Hamas terrorists abducted al four from the Supernova music festival near Kibbutz Re’im during the Oct. 7 Hamas massacre.

“We thank all the decision-makers, the planners and the soldiers who conducted this operation. We will meet with some of them in the coming weeks,” Aviram Meir said.

“We face a lot of challenges, good challenges. We are trying to do our best to help Almog return to his life,” Aviram said. “We hope we won’t make too many mistakes.”

Yossi Jan, Almog’s father, died hours before his son was rescued.

Officials arrived at Yossi’s home in Kfar Saba, northeast of Tel Aviv, around noon to inform him of his son’s rescue, only to find him unconscious. Magen David Adom paramedics called to the scene determined his death. Its cause remains under investigation.

“Before he was kidnapped, Almog had a relationship with his father. He visited him often and was in touch with him,” Aviram said.
Rescued hostages suffered ‘severe psychological abuse’
While Israeli security officials have requested that the four hostages rescued by the Israel Defense Forces on Saturday keep their experiences secret, some details have nevertheless emerged.

The four—Noa Argamani, 26, Almog Meir Jan, 21, Andrey Kozlov, 27, and Shlomi Ziv, 40—appeared to be in good health when first seen on camera on June 8, the day of the raid.

But two days later, Dr. Itay Pessach of the Sheba Medical Center revealed they were in a “state of severe malnutrition.”

“They all suffered from all types of abuse—physical abuse and mental abuse, and for a long time,” he said. “We’ve heard stories that are beyond anything you can imagine.”

Details will take time to come out. More than a month passed before the full picture emerged of what hostages had endured following an earlier prisoner swap. It turned out they suffered torture, sexual abuse, lack of food and medical care.

In a Wednesday interview with Channel 12, Kozlov’s girlfriend, Jennifer Master, revealed that Kozlov couldn’t join the interview due to his weakened condition.

“He blames himself for being kidnapped…He just came back a fragile and different person,” she said.

“They were subjected to very, very severe psychological abuse, more than the physical,” she added.

As an example, terrorists would tell him that his government wanted him dead, she said.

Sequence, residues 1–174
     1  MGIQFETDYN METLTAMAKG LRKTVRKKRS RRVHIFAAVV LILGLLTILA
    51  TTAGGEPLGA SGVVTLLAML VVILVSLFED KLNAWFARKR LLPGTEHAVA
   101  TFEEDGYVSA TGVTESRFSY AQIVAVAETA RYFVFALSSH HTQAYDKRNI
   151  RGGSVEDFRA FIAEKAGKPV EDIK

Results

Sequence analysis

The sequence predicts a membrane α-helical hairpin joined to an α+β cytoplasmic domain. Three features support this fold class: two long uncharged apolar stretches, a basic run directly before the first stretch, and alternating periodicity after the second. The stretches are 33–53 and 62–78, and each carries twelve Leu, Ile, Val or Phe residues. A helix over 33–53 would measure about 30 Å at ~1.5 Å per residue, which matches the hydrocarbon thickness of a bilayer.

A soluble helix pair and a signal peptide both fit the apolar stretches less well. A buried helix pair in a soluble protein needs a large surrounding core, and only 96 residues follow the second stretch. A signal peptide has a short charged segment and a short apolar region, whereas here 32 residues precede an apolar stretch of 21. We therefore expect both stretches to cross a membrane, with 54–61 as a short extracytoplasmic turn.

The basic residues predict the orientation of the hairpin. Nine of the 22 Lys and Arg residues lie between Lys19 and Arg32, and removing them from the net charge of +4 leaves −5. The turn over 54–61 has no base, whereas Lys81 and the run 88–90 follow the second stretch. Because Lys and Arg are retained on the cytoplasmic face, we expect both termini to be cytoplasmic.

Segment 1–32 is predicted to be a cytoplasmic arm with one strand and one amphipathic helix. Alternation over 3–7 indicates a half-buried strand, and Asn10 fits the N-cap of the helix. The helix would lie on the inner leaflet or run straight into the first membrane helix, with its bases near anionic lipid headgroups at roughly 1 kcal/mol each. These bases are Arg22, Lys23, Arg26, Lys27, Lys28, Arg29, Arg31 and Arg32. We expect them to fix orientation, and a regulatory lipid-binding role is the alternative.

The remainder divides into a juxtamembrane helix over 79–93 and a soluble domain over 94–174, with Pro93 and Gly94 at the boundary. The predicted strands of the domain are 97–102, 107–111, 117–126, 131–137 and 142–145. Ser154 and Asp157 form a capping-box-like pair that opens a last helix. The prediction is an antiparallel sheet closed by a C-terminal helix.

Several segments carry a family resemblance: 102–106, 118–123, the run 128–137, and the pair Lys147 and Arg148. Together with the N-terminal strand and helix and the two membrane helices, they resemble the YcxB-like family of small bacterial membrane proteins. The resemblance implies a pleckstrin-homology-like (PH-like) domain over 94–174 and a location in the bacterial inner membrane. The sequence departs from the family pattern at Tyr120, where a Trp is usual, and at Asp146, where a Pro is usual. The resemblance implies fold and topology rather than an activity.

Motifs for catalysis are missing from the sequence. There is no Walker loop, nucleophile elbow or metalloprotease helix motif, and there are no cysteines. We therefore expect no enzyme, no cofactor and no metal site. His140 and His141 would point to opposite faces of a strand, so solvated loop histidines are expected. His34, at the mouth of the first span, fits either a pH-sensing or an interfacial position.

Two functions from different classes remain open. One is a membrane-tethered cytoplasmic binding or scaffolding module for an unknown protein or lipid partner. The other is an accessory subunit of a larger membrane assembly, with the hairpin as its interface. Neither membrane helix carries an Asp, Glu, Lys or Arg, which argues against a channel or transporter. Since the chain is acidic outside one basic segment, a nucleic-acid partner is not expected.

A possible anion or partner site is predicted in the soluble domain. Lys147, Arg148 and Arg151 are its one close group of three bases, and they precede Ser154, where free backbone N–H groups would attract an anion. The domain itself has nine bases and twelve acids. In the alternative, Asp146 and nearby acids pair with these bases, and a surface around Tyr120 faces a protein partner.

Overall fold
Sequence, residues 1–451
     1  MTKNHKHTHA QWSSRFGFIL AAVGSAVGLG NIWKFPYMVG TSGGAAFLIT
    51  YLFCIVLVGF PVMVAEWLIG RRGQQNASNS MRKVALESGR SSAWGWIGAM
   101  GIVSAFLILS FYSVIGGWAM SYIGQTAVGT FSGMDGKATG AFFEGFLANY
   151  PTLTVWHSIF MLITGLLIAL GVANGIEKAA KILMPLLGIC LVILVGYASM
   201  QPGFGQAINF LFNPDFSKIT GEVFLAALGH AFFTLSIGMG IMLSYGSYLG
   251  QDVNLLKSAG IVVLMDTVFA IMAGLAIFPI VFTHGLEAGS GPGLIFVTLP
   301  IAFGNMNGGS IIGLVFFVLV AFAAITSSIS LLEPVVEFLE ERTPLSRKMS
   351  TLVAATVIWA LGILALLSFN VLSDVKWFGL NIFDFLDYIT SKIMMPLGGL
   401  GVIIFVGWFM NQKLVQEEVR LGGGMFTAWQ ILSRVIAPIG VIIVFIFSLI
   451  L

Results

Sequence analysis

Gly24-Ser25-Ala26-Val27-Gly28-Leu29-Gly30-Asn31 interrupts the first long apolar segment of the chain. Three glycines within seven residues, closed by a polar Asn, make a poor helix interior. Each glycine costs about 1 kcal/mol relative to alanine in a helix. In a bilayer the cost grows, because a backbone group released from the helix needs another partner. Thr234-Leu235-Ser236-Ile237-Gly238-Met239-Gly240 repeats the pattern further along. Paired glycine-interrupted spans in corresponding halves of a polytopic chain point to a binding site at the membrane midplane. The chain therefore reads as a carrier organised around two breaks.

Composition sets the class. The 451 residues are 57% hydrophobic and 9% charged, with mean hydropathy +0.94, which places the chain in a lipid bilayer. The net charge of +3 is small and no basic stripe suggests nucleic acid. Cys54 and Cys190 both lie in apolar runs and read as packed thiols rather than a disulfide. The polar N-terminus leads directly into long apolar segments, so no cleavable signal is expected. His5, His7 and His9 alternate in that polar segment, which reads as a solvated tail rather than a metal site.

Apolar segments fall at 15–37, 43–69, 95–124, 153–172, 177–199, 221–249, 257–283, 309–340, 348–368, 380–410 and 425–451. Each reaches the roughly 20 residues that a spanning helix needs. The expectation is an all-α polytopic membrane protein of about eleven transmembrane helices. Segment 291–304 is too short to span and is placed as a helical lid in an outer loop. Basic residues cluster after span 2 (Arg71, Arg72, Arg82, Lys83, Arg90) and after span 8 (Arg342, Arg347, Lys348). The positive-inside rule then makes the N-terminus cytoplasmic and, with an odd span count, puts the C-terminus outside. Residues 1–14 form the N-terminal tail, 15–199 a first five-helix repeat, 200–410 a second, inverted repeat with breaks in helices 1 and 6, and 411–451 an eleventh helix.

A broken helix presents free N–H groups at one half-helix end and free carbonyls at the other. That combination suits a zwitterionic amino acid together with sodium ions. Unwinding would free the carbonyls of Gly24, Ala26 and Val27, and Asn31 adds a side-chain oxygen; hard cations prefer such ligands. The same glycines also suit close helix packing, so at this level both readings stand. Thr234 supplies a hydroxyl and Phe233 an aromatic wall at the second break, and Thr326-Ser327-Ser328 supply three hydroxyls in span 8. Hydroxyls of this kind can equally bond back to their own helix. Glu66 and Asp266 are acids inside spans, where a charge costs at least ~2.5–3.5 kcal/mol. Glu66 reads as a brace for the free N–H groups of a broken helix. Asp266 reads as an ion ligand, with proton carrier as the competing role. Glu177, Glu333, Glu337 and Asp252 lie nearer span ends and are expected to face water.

Andrey Kozlov's Parents Discuss His Ordeal in Hamas Captivity
Following the heroic rescue of their son, Andrey Kozlov, his parents, Evgeniia and Mikhail, shared some details about his ordeal in captivity. Andrey was abducted on Oct. 7 from the Nova music festival in Kibbutz Re'im, where he worked as a security guard. He was rescued Saturday, after 246 days in Hamas captivity.

Evgeniia said, "I felt real pain from one of the sentences Andrey said: 'We experienced things that I will never tell you.' He told us that for two months, they were tied up by their hands and feet. In the first weeks, their hands were tied behind their backs, and after they started tying their hands in front, they joked it was a gift from the terrorists."

"June 8 has become a day of celebration. All Israelis want to share in our happiness, as if we've become part of them, part of their family. They are all so happy for us. When we're on the street and Andrey is with us, people shout from their cars, 'We're so glad you're back! We're so happy for you!' They shout this to him, to us. It's amazing."

"We want to show how grateful we are to the IDF and all the security forces who conducted this heroic operation....[Andrey] said that when he held onto the soldiers' uniforms or hands, he felt he was beside true heroes. For him, they are superheroes who fear nothing."

"I also want to extend my condolences to the family of Chief Inspector Arnon Zamora, who fell in the line of duty. To his mother and father, his wife and his young children - I am not one to cry often, but when I learned that Andrey was saved and the next day found out that Arnon had fallen in battle, I cried deeply....Their son is a superhero; his profession was to be a hero, and I have never known people like them, but they are the reason Israel stands. They are the national pride of Israel."

Daughter of 'Palestine Chronicle' Editor Works for American Muslims for Palestine
The daughter of Palestine Chronicle editor in chief Ramzy Baroud works for American Muslims for Palestine, a leading anti-Israel group that has defended Hamas terrorism and spearheaded anti-Semitic campus protests—activism that prompted Israeli terror victims to sue the group for providing "substantial assistance to Hamas."

The Palestine Chronicle, a little-known nonprofit based in Washington state, was thrust into the spotlight this week after Israel revealed that one of its writers, Abdallah Aljamal, held hostages on Hamas’s behalf. Its editor in chief, Baroud, is a U.S.-based writer who defended Hamas in the wake of Oct. 7 and worked for the Qatari-funded Al Jazeera outlet. He also has bylines on two Iranian regime-controlled websites that the U.S. government says were run by Tehran’s Islamic Revolutionary Guards Corps, the Washington Free Beacon first reported Monday.

Baroud's daughter has followed in those pro-Hamas footsteps, a Free Beacon analysis found.

Zarefah Baroud works as a digital media associate for American Muslims for Palestine, a leading anti-Israel group. Its executive director, Osama Abuirshaid, visited anti-Israel encampments at Columbia University and George Washington University to encourage participants, while its founder and chairman, University of California, Berkeley professor Hatem Bazian, has argued that it's "about time we had an intifada in this country" and called for Israel's dismantling.

The group—alongside Students for Justice in Palestine, another anti-Israel organization Bazian founded—is also being sued by Israeli terror victims who allege the organizations provide "substantial assistance to Hamas and its affiliates" and work "as collaborators and propagandists for Hamas."